(Hopefully) coming soon — HIPpie

In the last couple of months, I’ve had several email exchanges with Dynix & Horizon libraries who were interested in using some of the “2.0” features that I’ve added to our OPAC at Huddersfield, but the technical challenges (setting up an extra web server, MySQL database, etc) would have been too much.

I’ve been thinking for a while that some of the features could be done if someone else (e.g. me) were to handle the techie stuff. All the library would need to do would be to add a few lines of JavaScript to the relevant XSL stylesheets…

hippie

HIPpie was the best name that I could think of in the bath last night, and (unless the SirsiDynix lawyers come down on me like a tonne of bricks) it stands for HIP patron interface enhancements (HIP being the product name of the Dynix and Horizon OPAC).

It’s still mostly vapourware (i.e. I haven’t finished writing the code yet), but if you’re running HIP version 2 or version 3 and you fancy adding any of the following to your OPAC, then please get in touch (email d.c.pattern [at] hud.ac.uk):

  • RSS feeds for keyword searches
  • “did you mean” spelling suggestions
  • email alerts for keyword searches
  • user reviews
  • user ratings

I’ve deliberately picked features that I don’t think are being offered via other channels (e.g. LibraryThing for Libraries or Jim Taylor).

Unfortunately HIP version 4 was never released in the UK, so I’m not sure how easy it would be to add the features to that version, but if there’s someone out there who’s familiar with the stylesheets and is willing to experiment…?

HIP is the only OPAC I’m intimately familiar with, but if other people can figure out ways of making the features work with other products, then that’d be cool.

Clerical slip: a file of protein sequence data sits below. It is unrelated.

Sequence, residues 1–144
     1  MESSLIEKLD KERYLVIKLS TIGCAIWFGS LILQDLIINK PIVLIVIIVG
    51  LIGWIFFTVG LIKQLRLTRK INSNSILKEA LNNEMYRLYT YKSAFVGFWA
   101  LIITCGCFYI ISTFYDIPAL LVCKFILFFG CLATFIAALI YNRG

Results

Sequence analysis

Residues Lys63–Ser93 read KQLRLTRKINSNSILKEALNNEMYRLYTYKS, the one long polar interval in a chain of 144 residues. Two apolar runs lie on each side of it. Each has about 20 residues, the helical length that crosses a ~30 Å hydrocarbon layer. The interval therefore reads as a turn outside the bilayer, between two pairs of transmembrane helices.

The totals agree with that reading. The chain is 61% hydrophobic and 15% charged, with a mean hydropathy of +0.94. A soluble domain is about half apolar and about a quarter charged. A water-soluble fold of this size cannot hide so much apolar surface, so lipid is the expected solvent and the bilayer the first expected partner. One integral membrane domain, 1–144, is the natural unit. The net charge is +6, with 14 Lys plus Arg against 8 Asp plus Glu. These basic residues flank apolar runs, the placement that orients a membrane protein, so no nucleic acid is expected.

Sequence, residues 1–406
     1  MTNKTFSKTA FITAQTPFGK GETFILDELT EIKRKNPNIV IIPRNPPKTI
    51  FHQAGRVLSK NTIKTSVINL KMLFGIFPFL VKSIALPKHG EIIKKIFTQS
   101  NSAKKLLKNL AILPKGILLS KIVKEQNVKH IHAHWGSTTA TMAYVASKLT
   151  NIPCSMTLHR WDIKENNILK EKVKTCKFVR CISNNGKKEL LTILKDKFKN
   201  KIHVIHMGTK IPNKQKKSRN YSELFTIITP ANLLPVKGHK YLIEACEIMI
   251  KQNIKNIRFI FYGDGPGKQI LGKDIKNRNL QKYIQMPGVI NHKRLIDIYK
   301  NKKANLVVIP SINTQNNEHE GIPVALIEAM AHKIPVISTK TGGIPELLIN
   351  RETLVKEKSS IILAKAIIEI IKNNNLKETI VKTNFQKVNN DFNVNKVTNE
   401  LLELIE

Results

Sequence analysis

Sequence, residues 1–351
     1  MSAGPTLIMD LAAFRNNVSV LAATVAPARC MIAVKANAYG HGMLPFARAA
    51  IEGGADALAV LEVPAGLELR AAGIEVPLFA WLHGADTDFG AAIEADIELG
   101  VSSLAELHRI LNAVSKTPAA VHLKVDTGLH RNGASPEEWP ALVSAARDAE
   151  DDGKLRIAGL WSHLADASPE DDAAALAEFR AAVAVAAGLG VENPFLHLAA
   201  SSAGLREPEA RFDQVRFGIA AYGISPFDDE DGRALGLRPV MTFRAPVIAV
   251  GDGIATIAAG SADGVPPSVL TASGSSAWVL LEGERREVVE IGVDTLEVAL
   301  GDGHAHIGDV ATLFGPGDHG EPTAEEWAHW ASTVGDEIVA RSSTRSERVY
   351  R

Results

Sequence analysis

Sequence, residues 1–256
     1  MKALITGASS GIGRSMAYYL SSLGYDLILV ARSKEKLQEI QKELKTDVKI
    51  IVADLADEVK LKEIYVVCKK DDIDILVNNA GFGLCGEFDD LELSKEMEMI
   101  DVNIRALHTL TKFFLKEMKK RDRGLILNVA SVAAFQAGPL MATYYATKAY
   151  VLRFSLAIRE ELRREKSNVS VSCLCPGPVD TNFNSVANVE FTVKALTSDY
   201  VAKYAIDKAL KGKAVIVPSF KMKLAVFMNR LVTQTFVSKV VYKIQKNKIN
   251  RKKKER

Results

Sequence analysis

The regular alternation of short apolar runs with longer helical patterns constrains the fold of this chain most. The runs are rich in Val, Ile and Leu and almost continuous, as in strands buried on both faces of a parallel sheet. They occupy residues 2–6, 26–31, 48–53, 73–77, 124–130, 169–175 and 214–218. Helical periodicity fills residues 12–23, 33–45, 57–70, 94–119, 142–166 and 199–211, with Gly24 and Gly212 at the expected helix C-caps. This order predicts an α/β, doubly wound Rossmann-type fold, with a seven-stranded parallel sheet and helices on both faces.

HIPpie will be offered for free and will hopefully stay that way, unless it becomes incredibly popular.

Like I say, it ain’t ready yet, but please get in touch if you’re interested in testing it once it’s ready!

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12 comments
  1. As someone who has watched the enhancements you have created on your HIP at the University of Huddersfield … with envy & with only 10 hours tech support a week in a single large-site secondary college … this would be so appreciated. Let’s hope it can happen.

  2. Ian said:

    As ever, count me in!

  3. CH said:

    You are writing: “HIP is the only OPAC I’m intimately familiar with, but if other people can figure out ways of making the features work with other products, then that’d be cool.”

    Do you plan to make a fact sheet or something else with the most important technical data that would be needed to implement your HIPpie in other OPAC systems?

    BTW: Great work!

  4. Definitely!

    A couple of the features (RSS and email alerts) might not be transferable, as they make use of the fact that HIP 2 & HIP 3 can output XML.

    User ratings and comments should work with any system, as long as there is something which uniquely identifies each bibliographic record in the OPAC (e.g. a bib number).

    The “did you mean” suggestions could also be set up as a web service — i.e. you fire off a word and it responds with an XML file of suggestions.

  5. Sara said:

    Thank you so much for this Dave. As you know, Moonee Valley library is very interested and are very grateful to you for opening up these possibilities for our catalogue.

  6. Tim said:

    Great news Dave. Sometimes I still wish I had a library system of my own to play with!

  7. We’re a consortium of academic libraries in Michigan, USA, and would be very interested, too!

  8. Tom said:

    Hi Dave,

    I’m a long-time reader but a first time poster 🙂 of your awesome blog. We’d love to help test this at Wyndham!

  9. Richard said:

    Dave,

    I tried to email you but your inbox was full. I was wondering if you know of any libraries that have made use of Web 2.0 in their OPACs and what packages are availabe for them. I am aware of Encore and Polaris but as far as I am aware they are still in development.

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